5. Warmth in Violin Tone

A powerful tone that is strident, edgy, and brassy without depth is not desirable. Quite often, a student violin or a small viola have these qualities. Generally speaking, a student violin with the traditional bass bar will be bright and brassy sounding in the lower register. On the other hand, if the tone is warm and deep on the G and D string, the A and E strings will tend to be weak and wooly.

My new bass bar makes the G and D string warmer and richer, but at the same time makes the A and E string more brilliant and powerful. I must add, I do not re-graduate most student instruments unless the top and back are extremely thick, roughly 50% thicker and stiffer than normal. The essence of my patent is that I discovered how to build up the bass of the violin by adding wood to the bottom part of the bass bar away from the surface. Therefore, the violin becomes deep and rich in the lower register yet bright and brilliant in the upper register. It is also structurally more solid than the traditional way of building a violin.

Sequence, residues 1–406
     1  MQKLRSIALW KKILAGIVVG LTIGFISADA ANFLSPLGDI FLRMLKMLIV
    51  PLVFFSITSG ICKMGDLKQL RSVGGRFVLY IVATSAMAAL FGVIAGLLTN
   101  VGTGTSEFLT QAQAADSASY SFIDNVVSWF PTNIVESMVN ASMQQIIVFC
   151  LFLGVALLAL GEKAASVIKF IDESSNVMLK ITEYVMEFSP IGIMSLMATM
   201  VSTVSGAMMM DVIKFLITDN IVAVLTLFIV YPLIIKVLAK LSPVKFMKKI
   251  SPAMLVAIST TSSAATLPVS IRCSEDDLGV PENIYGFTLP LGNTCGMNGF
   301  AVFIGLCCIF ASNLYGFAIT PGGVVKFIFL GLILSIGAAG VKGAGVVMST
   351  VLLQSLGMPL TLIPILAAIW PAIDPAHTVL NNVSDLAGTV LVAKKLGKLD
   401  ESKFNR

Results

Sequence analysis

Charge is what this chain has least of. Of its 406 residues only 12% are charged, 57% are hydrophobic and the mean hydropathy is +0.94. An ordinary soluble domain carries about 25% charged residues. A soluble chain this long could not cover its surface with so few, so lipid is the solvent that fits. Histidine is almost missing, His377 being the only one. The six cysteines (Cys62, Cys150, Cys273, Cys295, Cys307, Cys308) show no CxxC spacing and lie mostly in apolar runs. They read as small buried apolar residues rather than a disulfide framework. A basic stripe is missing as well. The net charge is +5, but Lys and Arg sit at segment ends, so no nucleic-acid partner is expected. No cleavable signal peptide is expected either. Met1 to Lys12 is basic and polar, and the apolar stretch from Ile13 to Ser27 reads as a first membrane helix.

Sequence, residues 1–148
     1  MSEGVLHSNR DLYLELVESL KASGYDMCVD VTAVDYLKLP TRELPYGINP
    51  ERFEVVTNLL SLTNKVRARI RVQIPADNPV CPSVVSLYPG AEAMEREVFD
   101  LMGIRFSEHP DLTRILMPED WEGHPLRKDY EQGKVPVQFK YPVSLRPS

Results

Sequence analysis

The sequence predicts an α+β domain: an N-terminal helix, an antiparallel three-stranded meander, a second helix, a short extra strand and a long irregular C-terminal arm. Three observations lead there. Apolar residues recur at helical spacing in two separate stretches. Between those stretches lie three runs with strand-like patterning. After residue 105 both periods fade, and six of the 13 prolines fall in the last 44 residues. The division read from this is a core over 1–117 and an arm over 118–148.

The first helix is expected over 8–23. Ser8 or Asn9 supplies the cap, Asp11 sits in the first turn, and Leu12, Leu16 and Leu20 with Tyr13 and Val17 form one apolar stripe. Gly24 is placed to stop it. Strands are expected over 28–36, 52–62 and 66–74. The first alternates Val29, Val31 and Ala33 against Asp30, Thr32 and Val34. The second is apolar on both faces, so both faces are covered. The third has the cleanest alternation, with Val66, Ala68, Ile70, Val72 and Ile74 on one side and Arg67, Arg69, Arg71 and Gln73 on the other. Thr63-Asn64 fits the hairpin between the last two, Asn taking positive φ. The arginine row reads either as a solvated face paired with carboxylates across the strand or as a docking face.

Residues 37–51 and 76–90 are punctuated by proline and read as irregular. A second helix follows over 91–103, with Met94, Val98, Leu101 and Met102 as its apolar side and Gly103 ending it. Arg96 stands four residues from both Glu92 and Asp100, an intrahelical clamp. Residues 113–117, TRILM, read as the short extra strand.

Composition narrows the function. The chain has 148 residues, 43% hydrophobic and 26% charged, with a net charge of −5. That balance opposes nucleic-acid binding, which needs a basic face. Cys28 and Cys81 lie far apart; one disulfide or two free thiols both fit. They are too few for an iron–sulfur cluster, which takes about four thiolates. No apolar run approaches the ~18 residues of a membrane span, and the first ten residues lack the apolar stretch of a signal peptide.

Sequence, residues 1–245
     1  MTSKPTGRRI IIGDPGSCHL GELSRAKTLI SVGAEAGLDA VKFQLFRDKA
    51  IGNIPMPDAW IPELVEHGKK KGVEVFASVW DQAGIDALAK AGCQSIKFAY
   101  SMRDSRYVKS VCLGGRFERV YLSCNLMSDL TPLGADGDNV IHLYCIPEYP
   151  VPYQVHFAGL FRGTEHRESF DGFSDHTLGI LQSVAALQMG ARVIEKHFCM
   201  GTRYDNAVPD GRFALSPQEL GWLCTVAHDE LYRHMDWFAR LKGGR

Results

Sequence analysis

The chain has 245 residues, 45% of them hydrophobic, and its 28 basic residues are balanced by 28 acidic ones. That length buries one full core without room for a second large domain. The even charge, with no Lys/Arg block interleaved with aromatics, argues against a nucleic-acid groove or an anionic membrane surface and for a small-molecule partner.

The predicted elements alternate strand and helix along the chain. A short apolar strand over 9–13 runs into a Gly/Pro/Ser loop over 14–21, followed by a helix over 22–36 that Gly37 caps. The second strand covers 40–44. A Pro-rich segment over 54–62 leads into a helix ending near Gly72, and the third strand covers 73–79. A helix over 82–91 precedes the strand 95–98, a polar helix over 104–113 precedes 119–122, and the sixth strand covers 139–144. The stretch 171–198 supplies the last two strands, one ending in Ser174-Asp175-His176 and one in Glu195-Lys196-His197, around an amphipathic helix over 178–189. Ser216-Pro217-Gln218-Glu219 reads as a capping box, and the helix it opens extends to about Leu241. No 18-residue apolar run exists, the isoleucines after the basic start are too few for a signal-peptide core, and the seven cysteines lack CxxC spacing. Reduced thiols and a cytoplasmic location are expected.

6. Violin Tone Richness

Richness is a quality that can be hard to define. I like to think of it as full-bodied. In more concrete terms, it boils down to a good, strong fundamental and many strong overtones. Contrast the lower register of a flute and the lower register of a violin. The flute is louder, but the violin sound is more interesting and complex, in my opinion. The violin string produces more overtones than the flute. Let us say the flute tone is more pale as opposed to a good violin which is softer but has rosy cheeks.

In a piece of chamber music, such as the Bach Brandenburg Concerto no. 5, a flute player can take revenge on the violin. I have found this out quite a few times! Mozart is said to not have liked the flute for this reason, although he wrote two absolutely gorgeous flute concertos.

7. Depth in Violin Tonal Quality